More vinyl bootleg memories…

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Michael Gerber

Publisher at The American Bystander
is Blogmom of Hey Dullblog. His novels and parodies have sold 1.25 million copies in 25 languages. He lives in Santa Monica, CA, and runs The American Bystander all-star print humor magazine.
Michael Gerber
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Beatles Sessions False Odeon bootleg

Sessions (Odeon Fake): One of my favorite Beatlegs as a kid.

After my earlier post, a commenter over at my Facebook page joggled my memories a bit more. I thought it might be fun to ask everybody, “What were your favorite Beatles bootlegs?” Not necessarily the best, but the ones that played the biggest role in your fandom?

In my teenaged years (1980-87), my most beloved vinyl boots were The Beatles at the Beeb 3-lp set, Hahst Az Son, Beatles Not For Sale, Strawberry Fields Forever, File Under: Beatles, and a version of Sessions (the abortive Anthology precursor). (The links go to the album’s pages at Bootleg Zone, where they exist. The covers are different; my Hahst Az Son had a nice color cover.)

My bootleg frenzy abated a bit in college and after, mainly because I didn’t have the cash to indulge. By the time I did, the glorious second wave of material had emerged. A friend burned me copies of Stars of ’63, Unsurpassed Demos, and Free As a Bird. Then it all started again, as all the tracks that I’d lusted after as a kid were finally flooding out. Every time I’d travel to New York on business, I’d head down to this little record store and just LOAD UP.

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9 Comments

  1. Avatar Nancy wrote:

    I was fascinated by the first vinyl Beatles bootleg I encountered — “A Nightmare Is Also A Dream.” It’s quite a bizarre collection of solo material from all four members. John’s demo of “Goodnight Vienna,” Paul doing “We All Stand Together,” Ringo singing “In My Car,” and George playing “Lucille” live with Deep Purple . . . . the weirdness of this piece of vinyl blew my mind. It got me wondering in earnest how these four guys came together and how and why they came apart — questions that have been discussed for decades now, and no doubt will be discussed for many more.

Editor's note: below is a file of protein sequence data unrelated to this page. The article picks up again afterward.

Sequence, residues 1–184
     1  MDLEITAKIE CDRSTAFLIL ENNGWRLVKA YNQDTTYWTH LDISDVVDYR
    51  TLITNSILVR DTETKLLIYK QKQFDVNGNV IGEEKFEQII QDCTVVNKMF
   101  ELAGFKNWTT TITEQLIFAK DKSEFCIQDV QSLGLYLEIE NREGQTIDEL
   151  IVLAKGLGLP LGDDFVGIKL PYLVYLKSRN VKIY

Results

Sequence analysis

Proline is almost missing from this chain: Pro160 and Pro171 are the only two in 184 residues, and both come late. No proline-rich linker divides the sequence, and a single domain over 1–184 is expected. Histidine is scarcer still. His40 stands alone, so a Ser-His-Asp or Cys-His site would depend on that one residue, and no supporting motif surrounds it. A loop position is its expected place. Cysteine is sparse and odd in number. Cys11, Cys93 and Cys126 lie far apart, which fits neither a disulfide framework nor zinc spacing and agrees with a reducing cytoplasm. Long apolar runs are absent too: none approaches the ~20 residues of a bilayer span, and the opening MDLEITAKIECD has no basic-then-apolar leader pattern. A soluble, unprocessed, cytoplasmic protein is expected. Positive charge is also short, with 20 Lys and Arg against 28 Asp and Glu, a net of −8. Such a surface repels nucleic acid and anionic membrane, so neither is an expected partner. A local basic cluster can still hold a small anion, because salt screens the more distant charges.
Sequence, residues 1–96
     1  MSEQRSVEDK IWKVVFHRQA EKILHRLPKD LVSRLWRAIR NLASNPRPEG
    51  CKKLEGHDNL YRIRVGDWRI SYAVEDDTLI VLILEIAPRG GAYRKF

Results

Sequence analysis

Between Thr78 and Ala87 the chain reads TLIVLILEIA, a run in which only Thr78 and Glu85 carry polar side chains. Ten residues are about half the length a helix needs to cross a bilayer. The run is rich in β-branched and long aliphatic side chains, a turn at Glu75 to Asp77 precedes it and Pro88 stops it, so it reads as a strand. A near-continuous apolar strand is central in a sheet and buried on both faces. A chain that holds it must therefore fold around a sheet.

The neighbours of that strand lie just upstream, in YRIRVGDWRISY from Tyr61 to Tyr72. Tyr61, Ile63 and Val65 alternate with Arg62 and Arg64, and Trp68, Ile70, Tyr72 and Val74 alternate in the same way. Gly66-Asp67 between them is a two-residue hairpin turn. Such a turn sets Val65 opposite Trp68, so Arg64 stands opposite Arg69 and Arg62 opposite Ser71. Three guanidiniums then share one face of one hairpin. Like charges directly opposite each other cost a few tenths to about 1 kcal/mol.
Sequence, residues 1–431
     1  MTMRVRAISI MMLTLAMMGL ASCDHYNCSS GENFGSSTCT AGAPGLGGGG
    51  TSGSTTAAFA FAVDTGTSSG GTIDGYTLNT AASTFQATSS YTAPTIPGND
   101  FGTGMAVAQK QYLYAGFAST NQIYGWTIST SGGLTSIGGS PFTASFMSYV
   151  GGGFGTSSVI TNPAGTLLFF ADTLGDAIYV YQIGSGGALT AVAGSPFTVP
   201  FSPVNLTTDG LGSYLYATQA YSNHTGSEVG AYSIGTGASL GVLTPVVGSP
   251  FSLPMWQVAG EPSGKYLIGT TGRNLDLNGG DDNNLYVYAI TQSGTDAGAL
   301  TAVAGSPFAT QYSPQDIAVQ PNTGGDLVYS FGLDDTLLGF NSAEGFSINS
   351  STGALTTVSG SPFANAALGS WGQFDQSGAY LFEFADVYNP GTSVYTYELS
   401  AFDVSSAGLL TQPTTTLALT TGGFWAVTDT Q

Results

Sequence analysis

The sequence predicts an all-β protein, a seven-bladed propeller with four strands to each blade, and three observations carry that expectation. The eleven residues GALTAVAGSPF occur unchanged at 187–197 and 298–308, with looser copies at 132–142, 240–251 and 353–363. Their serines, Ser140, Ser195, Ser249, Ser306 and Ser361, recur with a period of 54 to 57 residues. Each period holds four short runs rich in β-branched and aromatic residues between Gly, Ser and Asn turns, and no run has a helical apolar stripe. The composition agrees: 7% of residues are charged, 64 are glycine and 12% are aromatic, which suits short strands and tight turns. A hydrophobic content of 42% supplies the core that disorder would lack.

From the standpoint of musical interest, the bootlegs from the Rubber Soul/Revolver era are my favorites. In particular, I love the versions of “Think For Yourself” where George, Paul, and John are trying to get the harmonies right. I agree that there’s nothing like hearing great music in the process of being created.

  2. I came of age in the ’70s, at which point I rediscovered the Beatles. I say “rediscovered” because I had a brother, seven years my senior, who’d had all the Beatles albums in the ’60s and played them incessantly, so they were a part of my life from the get-go. Of course, as a 7 or 8 year old kid who thought The Archies and The Monkees were on a par with the Beatles, I didn’t pay too much attention to anything other than the Beatles’ hits – the songs that got played on the radio. (Back then? We liked our amplitude modulated, thank you very much. “Don’t touch our frequency!” we’d oftimes say.)

    My brother did NOT take care of his records: Album covers were rarely used and frequently just tossed after awhile. So I had to re-buy all the Beatles albums for myself. (I remember being slightly irritated that, by the 70’s, they all came on Apple labels, even the early Capitol ones.) Repurchasing them was great, though, because each album had at least 4 songs on it that I did not remember from my childhood. SCORE! For me, essentially NEW Beatles stuff each time I bought an (old) album!

    I never really got into bootlegs till much later (mid-80s), when I met my friend Greg who was and is a Beatles completist. If they farted on tape, he has it and literally cherishes the fart as much as a more sane person would an original promotional copy of “Penny Lane” with the seven trumpet notes still on it.

    So I never had to buy bootlegs. Greg was happy to tape anything i wanted for me.

    All that said (and I’m not sure any of this is what you’d call “on-topic” for this post), I’d have to say my favorite never-officially-released-(till-Anthology) song is “Leave My Kitten Alone”. John’s vocals kick ass on this song, right up there with “Twist and Shout”, and for the life of me I cannot understand how this song didn’t make the cut for some album but, e.g., “Mister Moonlight” did. (No particular disrespect for “MM”; I could probably name about 5 other officially-released Beatles covers that don’t come close to touching “LMKA”. Seems safest to say “MM” because that one is pretty generally viewed as, let’s say, uninspired. (Though I bet Michael is gonna say he likes it.))

    Anyway, off-topic or not, there you have MY choice of favorite long-unreleased gem.

    For the record, I for one am glad we live in a world that can accommodate both “LMKA” and “MM”. I do not mean to imply I wish the Beatles hadn’t released the latter. I only mean to say “LMKA” is, to me, a much better song.